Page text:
AUSTIN (KTAL/KXAN) — The polls are open in the Texas primary runoff election, as voters decide who will represent each party in the November general election in several federal, state and local races.

Here’s what you need to know before heading to the polls.

What am I going to see on my ballot?

Texas is an open primary state, which means you don’t have to be a registered party member to vote in that party’s primary. There is an important point to note if you voted in the initial primary back in March: you cannot cross over and vote in the opposite party’s runoff.

That means if you voted in the Democratic primary in March, you cannot vote in the Republican runoff, or vice versa. If you did not vote in the initial primary, you may choose which party’s runoff to vote in.

The goal of the primaries is to pick one candidate to represent each party in the November election, the winner of which will ultimately represent you. While most party candidates were chosen in March, there are several races in which one candidate did not reach the 50% threshold to become the party nominee.

Statewide, Democrats will choose their nominee in four races: lieutenant governor, attorney general, comptroller and land commissioner.

Republicans will vote for their nominee in three statewide races: attorney general, land commissioner and railroad commissioner.

There are also open races for several congressional districts, state House and Senate districts and local positions, including Harrison County Judge and prosecutor.

Here’s a sample ballot for Cass County. Sample ballots in other counties are available on each county’s elections website. We have a list of those at the bottom of this story.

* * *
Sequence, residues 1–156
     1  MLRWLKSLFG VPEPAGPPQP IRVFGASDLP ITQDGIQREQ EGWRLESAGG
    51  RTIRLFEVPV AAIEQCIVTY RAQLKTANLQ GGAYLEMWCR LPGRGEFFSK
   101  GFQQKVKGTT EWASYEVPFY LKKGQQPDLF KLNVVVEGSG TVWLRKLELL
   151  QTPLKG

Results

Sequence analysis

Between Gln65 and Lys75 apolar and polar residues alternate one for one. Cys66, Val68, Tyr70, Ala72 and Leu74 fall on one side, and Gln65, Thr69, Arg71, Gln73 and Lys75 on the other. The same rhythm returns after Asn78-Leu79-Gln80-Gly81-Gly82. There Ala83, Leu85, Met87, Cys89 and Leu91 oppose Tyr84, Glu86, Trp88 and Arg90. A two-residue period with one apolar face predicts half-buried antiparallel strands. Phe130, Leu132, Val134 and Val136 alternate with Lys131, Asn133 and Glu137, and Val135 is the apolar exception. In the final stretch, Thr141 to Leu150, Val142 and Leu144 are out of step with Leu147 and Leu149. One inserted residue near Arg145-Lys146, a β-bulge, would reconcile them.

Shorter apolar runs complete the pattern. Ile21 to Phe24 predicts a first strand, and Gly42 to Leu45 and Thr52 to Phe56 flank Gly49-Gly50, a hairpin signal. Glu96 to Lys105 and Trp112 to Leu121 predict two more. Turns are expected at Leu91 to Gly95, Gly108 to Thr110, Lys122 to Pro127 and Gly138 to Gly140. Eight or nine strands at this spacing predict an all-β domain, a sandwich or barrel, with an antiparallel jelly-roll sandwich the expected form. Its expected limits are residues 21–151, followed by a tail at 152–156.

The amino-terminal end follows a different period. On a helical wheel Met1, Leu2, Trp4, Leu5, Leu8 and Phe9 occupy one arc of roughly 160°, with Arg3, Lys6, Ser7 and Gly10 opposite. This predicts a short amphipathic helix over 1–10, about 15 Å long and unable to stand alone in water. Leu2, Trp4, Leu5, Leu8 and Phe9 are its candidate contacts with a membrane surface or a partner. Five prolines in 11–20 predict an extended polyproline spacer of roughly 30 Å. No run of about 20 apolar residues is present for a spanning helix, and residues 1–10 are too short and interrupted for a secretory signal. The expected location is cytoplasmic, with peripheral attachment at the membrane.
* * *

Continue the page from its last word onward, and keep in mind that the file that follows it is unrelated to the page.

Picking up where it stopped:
What do I need to bring with me?

Under Texas law, voters are required to bring identification with them to vote. Here are the accepted forms of identification:

  • Texas Driver License
  • Texas Election Identification Certificate
  • Texas Personal Identification Card
  • Texas Handgun License
  • United States Military Identification Card containing the person’s photograph
  • United States Citizenship Certificate containing the person’s photograph
  • United States Passport

What’s not allowed?

Under Texas law, you cannot use most wireless communication devices within 100 feet of a voting station, nor are you allowed to record sound or images in that space. Those restricted electronics include:

  • Cell phones
  • Cameras
  • Tablet computers
  • Laptop computers
  • Sound recorders
  • Any other device that may communicate wirelessly, or be used to record sound or images.

You are also not allowed to wear clothing, hats, flags, etc. that relate to a candidate currently on the ballot within 100 feet of the voting station.

County elections offices in East Texas

Below are links to each county elections website in the KTAL NBC 6 News coverage area. Each will have information including phone numbers, polling locations and addresses. You can also check wait times at polling locations.

Polls will close at 7 p.m.